A Home Environment That Discourages Guitar Practice

In the mornings once little Timmy has finished getting ready for school, he is free to play games on his iPad while his parents prepare for work and take care of his younger siblings. 

His guitar is sitting on its music stand begging to be played, but it doesn't even get a look from Timmy. 

After a busy day at school Timmy might have one of any number of activities that may include swimming, football training, coding club, ninja training or even tutoring (is it just me or do kids have an activity every day of the week these days?). He arrives home sometime around 5 or even 6 pm

He relaxes for a bit by watching his favourite TV shows or Youtube videos until dinner. After dinner, he has to do his homework but then gets rewarded with some game time. 

Around 7.30 pm his parents ask him to do some guitar practice but Charlie is just not in the mood. No matter which way his parents spin it he protests until his parents give up. 

At this point, one of his parents reads him a story and gets him (and his siblings) ready for bed. This process repeats itself each day. 

At his guitar lesson when his teacher asks “So what happen with your practice Timmy” he explains that he was just too busy with his homework and sports training sessions. 

Now while kids these days are busier than they've ever been, the truth is he spent a good part of his available time playing games and watching TV. 


A Home Environment That Encourages Guitar Practice

Natalie knows when she wakes up each day she has a choice. 

She can practice in the morning or the afternoon. 

If she chooses the afternoon there is no computer, games or TV. Her parents made it very clear that these are privileges and only come after she has spent time doing something that is educational.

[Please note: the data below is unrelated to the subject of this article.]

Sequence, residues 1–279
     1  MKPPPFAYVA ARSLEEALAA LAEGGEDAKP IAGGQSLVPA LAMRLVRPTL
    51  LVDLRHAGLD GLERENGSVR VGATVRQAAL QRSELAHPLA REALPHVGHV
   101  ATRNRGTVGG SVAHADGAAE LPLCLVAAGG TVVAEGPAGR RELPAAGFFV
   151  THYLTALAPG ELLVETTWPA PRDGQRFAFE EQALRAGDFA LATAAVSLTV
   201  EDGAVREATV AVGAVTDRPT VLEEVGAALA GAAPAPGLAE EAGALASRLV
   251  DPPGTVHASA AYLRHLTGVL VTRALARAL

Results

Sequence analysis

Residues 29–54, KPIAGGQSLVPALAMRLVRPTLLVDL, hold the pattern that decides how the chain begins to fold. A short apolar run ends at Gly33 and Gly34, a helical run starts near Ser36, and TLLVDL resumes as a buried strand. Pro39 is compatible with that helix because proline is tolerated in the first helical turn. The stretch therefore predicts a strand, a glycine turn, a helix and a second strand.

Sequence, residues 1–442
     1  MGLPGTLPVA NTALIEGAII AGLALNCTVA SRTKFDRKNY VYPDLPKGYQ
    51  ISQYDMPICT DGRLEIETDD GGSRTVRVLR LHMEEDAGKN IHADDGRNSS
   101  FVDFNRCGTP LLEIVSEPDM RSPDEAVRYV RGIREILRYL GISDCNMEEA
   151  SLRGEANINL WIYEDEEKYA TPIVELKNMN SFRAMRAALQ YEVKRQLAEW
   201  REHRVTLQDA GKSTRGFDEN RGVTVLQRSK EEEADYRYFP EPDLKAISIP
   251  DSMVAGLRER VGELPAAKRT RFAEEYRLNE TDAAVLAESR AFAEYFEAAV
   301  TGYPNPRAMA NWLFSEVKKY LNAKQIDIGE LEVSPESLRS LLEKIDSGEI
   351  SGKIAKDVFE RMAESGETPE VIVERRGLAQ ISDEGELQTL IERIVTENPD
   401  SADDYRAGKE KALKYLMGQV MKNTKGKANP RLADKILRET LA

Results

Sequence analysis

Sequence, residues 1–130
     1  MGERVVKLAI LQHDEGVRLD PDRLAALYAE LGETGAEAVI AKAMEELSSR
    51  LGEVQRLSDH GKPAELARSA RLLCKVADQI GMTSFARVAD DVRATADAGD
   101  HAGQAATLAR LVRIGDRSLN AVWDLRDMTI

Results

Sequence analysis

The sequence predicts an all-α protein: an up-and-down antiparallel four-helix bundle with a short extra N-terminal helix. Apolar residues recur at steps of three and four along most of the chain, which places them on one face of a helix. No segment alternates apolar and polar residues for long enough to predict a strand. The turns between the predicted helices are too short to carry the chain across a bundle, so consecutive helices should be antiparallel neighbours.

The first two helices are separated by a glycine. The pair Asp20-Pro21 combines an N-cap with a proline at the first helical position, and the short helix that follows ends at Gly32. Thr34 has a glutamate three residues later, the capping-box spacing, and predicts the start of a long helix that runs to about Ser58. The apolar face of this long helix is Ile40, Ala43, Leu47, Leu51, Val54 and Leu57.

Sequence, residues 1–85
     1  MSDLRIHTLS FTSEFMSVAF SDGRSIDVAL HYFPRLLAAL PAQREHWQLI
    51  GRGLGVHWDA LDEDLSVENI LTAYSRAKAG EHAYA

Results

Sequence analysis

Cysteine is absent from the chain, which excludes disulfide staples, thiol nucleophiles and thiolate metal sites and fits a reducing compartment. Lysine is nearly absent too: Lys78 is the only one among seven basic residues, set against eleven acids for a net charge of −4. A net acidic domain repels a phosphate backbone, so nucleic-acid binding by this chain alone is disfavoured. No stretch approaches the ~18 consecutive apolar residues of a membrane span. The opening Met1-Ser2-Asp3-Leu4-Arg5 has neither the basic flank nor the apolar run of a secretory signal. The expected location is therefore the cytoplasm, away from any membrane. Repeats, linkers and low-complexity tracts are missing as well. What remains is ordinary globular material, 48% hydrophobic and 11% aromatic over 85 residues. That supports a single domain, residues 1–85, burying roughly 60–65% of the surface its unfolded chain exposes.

Most days Natalia does 20 minutes of guitar practice in the morning because she knows it means 20 minutes of game time after school. 

At first, the motivation for Natalie to practice the guitar came from playing games with her at home which were supervised by her parents.

Once it became a habit, and she became a little more experienced as a student, she was able to become more proactive in her practice and eventually started doing it independently.

Nowadays she really enjoys her guitar practice and the feeling she gets of gradual improvement. 

Most days after school and homework Natalia does another 20 minutes of guitar practice which means after dinner she can do whatever she likes. 

It’s often game time but she also spends time listening to music and exploring new music. 

When Natalia attends her guitar class each week she feels great because her practice routine is leading to constant improvement which she (and her parents) actively notice, which is a real confidence booster. 

This creates a cycle of positive forward momentum!

Put Rewards in the Right Order

Our two students Timmy and Natalie both have the same guitar teacher, the same guitar lessons and the same 168 hours in a week.

Where they differ is the home environment.

One environment has supportive parents who were proactive in creating a positive learning environment conducive to success at home.